On the second floor of Spaulding Hall, there lives a collection of 700,000 specimens, some over 100 years old. The specimens are insects and other arthropods (arthropods have exoskeletons, or a shell covering their body—spiders for example), and they comprise the aptly-named University of New Hampshire’s (UNH) Insect and Other Arthropods Collection. 

As described in a grant proposal, the Insect and Other Arthropods Collection began in 1891 when UNH’s predecessor – the New Hampshire College of Agriculture and the Mechanic Arts (NHC) – was still located in Hanover. Two entomologists, C.M. Weed and W.F. Fiske, started the collection with specimens from mainly southern New Hampshire. Many entomologists followed in their stead, donating both personal collections and specimens gathered specifically for NHC’s (and later UNH’s) insect collection.  

The collection began to grow quickly around the 1970s, with 300,000 specimens by 1982. In 1982, Dr. Don Chandler, a professor in then the Department of Entomology within the College of Life Sciences and Agriculture, began extensive sampling of insect populations throughout the state.  

This collection had 620,000 specimens by 2012, with all sorts of insects: flies, caddisflies (which are different by the typical house or fruit fly), beetles, moths and butterflies. When the Department of Entomology was absorbed into the Department of Biological Sciences (DBS), Chandler and the collection moved there too.  

Today, the collection includes over 700,000 specimens, in part due to the bee-collecting help of Dr. Sandra Rehan and her research laboratory in DBS. Dr. Istiván Mikó, hired just this past year, is the manager of the insect collection, as well as a lecturer in DBS. Mikó, along with Chandler, Rehan and others, wrote the previously mentioned grant proposal for digitizing the collection.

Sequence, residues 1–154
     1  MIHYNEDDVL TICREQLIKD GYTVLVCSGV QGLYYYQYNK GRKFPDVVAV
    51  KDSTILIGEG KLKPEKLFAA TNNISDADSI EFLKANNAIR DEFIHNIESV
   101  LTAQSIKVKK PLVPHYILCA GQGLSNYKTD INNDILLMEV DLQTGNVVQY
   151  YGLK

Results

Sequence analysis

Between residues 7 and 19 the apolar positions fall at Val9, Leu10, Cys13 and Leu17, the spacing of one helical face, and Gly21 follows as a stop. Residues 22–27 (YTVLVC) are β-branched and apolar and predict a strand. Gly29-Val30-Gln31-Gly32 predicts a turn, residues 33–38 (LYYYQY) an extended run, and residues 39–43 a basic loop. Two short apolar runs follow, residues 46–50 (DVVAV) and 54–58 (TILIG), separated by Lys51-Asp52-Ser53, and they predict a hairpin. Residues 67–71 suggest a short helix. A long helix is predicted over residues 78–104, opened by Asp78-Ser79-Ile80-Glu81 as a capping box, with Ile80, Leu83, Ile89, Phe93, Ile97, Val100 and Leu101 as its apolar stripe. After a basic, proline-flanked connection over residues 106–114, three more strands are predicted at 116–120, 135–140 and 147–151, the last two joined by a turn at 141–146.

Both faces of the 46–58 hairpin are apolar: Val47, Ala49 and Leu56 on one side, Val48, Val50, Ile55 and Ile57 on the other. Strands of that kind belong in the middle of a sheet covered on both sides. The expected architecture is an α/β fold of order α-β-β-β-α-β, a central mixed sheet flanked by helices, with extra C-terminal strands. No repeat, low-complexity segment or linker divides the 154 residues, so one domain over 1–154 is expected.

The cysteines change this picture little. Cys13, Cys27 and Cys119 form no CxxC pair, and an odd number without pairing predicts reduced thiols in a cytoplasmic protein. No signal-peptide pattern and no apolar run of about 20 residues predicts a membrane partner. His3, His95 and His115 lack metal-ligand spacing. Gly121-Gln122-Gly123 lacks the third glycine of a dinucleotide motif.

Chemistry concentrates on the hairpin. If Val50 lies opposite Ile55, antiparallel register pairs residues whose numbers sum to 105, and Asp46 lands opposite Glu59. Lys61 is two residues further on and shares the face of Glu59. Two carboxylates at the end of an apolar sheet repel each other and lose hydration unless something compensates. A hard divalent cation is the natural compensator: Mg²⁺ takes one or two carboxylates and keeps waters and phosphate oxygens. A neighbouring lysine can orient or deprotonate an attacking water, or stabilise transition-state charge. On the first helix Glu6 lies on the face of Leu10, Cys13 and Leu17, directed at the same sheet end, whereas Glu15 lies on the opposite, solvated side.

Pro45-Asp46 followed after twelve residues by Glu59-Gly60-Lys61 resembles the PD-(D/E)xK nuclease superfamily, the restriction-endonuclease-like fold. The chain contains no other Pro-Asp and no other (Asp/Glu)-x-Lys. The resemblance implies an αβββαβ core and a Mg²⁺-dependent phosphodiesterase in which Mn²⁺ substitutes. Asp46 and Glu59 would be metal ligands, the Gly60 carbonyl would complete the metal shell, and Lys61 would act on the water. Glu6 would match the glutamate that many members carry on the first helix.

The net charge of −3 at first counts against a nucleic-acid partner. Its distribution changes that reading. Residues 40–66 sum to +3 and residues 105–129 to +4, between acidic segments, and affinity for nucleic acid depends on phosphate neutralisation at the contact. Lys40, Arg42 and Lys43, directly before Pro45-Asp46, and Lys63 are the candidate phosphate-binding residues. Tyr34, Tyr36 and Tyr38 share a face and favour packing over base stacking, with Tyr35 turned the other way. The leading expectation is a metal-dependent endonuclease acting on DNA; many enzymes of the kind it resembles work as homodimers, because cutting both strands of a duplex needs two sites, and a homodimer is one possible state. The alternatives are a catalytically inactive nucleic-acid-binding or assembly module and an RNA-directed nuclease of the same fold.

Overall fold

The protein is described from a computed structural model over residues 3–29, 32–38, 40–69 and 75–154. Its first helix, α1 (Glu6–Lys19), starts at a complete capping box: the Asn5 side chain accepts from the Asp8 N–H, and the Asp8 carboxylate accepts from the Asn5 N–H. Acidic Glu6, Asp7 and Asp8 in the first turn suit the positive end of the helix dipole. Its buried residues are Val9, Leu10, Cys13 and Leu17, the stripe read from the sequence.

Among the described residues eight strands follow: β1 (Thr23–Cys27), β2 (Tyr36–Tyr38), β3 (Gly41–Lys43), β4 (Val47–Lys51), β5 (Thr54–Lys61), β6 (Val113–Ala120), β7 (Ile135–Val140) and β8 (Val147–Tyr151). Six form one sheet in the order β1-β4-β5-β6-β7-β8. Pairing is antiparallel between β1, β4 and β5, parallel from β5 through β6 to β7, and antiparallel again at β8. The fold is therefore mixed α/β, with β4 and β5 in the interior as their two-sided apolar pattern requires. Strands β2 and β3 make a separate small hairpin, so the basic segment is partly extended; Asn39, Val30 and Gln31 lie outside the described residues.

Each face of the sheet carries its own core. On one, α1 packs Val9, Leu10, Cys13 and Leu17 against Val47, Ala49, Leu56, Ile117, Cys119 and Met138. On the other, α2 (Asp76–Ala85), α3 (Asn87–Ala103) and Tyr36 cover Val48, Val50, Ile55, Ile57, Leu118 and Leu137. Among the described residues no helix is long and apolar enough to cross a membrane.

Digitization, or putting documents and data online, allows researchers from around the world to easily access UNH’s specimens. Many types of insect researchers rely on collections, such as insect systematists who study different species, or ecologists studying insects’ interactions with their environment.  

Insect collections are particularly vital: A 2017 study from Germany found that insect biomass, a metric used to assess insect biodiversity, has declined by 76 percent. Insect species are vanishing, and once a species dies, if it exists in no collection, no longer can science learn from it.  

 “Basically, there are specimens here that had been collected in the late 19th century, representing species that are either disappeared or are going to be disappearing in the next 20 years, 10 years, and this is the last place where actually you can find them. And if you think evolutionar[ily], it took 50 million years, 25 million years,” to produce these species, Mikó said. “These things are products of basically the history of the world, evolution, and they [are] just disappearing like that.”  

 But for researchers wanting to study the collection, only 17,000 specimens, or about two percent of the collection, is digitized. Researchers can still physically visit the collection – and many do – but doing so costs time and money.